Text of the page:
I am new to the world of bread baking. Prior to my Christmas acquisition of the fanciest bread machine ever (thanks, Husband), I only attempted making bread from scratch a couple of times. The outcome was delicious, but I wasn't quite convinced that it was worth the time commitment. There was a lot of waiting. Mix...rest...knead...rest...shape...rest...bake...rest. I just wasn't willing to put in the time for something as simple as a loaf of bread.
Now armed with a machine to do all the resting for me, I was sure I could do no wrong. Follow directions, dump in ingredients, push start, and voila! I would have bread. But it's not that simple. A few nights ago, I attempted whole wheat bread. I measured, dumped, programmed the machine, and waited. About halfway through, I decided the dough looked too wet, so I opened the lid and sprinkled in a little extra flour. I was feeling quite perceptive, attuned to the bread's needs. I patted myself on the back a little, knowing that extra sprinkle had made all the difference; but, when the cycle ended, I found a loaf with a beautiful rim and a lifeless, deflated middle.
I tried again later that night. I once again measured and dumped; but this time, feeling extra savvy, I used the timer so we would wake up to the sweet aroma of freshly baked bread. Brilliant, right? The next morning, I woke to an aroma, but it wasn't necessarily pleasant. I came downstairs to find the ingredients baked into a rock hard form, but completely unmixed.
I was perplexed. I googled. I searched bread making message boards to see what could have possibly gone wrong. I contemplated calling the "Baker's Hotline" (yes, that is a real thing), but was afraid of sounding like too much of a novice to ask the right questions. As I stared at the machine, vowing to only make white bread from now on, I saw them.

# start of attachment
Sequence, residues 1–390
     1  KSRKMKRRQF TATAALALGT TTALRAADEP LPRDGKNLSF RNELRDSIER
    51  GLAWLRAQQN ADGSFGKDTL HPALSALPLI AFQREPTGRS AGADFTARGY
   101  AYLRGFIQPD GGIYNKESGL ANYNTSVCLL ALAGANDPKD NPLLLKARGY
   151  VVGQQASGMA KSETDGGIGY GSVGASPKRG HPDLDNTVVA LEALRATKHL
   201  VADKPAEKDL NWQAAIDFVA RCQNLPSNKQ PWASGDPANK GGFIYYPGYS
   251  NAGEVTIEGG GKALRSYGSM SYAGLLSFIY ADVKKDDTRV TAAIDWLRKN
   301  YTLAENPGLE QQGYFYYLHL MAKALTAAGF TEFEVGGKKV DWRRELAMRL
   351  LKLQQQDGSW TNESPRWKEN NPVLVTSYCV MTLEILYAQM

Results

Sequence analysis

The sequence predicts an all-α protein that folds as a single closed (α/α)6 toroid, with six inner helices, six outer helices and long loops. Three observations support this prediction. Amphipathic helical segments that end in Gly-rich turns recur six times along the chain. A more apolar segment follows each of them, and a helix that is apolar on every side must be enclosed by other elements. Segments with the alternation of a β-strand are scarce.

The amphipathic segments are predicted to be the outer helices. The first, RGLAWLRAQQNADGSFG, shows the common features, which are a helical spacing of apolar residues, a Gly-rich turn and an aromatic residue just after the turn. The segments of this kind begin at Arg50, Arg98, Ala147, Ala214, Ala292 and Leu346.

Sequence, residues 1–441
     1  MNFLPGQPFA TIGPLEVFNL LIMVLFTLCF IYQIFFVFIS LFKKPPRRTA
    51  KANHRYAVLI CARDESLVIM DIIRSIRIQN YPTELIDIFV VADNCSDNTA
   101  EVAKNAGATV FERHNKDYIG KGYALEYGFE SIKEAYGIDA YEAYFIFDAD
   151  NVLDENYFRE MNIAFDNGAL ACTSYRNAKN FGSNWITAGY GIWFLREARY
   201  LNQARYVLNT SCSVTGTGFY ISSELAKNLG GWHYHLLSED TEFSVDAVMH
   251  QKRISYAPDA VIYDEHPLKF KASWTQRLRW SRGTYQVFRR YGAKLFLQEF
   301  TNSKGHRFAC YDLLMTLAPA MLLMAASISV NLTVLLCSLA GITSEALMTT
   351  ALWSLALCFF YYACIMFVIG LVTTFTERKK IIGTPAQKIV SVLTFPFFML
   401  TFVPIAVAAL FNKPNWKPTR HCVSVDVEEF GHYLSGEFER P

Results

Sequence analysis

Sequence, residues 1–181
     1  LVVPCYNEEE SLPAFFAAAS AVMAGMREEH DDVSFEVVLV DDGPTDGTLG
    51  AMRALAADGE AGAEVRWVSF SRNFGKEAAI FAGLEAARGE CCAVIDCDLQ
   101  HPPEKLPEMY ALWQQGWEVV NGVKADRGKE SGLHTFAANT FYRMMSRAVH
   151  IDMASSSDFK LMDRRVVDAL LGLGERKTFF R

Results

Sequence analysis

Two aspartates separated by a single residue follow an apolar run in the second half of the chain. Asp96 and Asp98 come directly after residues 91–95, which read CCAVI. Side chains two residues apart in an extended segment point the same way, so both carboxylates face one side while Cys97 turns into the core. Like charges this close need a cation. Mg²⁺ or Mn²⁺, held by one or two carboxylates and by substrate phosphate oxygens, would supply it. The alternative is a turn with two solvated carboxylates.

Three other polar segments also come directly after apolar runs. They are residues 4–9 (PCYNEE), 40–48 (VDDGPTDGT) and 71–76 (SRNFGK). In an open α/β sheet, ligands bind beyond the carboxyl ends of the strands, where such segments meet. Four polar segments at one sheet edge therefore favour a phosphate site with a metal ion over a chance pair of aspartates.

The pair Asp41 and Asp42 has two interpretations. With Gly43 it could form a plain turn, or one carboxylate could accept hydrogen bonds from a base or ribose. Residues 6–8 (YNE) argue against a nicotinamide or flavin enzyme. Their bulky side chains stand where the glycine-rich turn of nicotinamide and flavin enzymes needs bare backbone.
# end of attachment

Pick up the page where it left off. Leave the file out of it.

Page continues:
After washing out my pan from the day's first disaster, I had forgotten to put the paddles back in. I had taken away my machine's ability to mix. It tried to run its course anyway, but without paddles, it was helpless.
So, tonight, I tried again. Third time's a charm, right? I made sure all the parts were in the machine. I followed the directions exactly. I did not open the machine at all during the three and a half hour cycle. I waited patiently. And finally, I produced a loaf of bread fit to be consumed.
It's funny how the smallest things made such a big difference. I couldn't help but think that raising a child is a lot like baking bread. As the mother of an almost two year old, I find my days are rarely as expected. C is learning so much right now. She is full of energy and vocabulary and wonder; and, if I'm not patient enough to let her work out her thoughts, to let her describe a color or tell me about her princess castle or brush her own teeth, then she won't rise to her best. If I don't step back and let her grow, I'll crush her spirit, leaving her deflated and lifeless.
She is a sponge, so eager to learn; but, if I don't provide her with the right tools, no matter how hard she tries, the finished product will remain unfinished. If I tell her to paint, but provide no canvas, she learns nothing. If I expect her to learn her alphabet and colors and numbers, but never read or practice or play with her, I can expect the lesson to remain on the surface.
It is easy to become frustrated when there are tantrums over teeth brushing and refusal to eat anything green and resistance to sitting still and listening during a story. It is difficult to fight the urge to help her put on her shoes; or to convince her that when the blocks are stacked that high, they will fall down every single time; or to stop her when she is counting to ten and skipping the number seven. She is busy and loud and excited and funny and soaking in every single thing around her. It is only when I am patient, when I fight the urge to help in the middle of the process, when I provide the right resources, when I let her take it all in and rest, that she will truly rise to her potential.
Because, when you have all the right ingredients and pay attention to the details, you can't help but smile at the finished product.
I may have this baking/parenting thing down after all.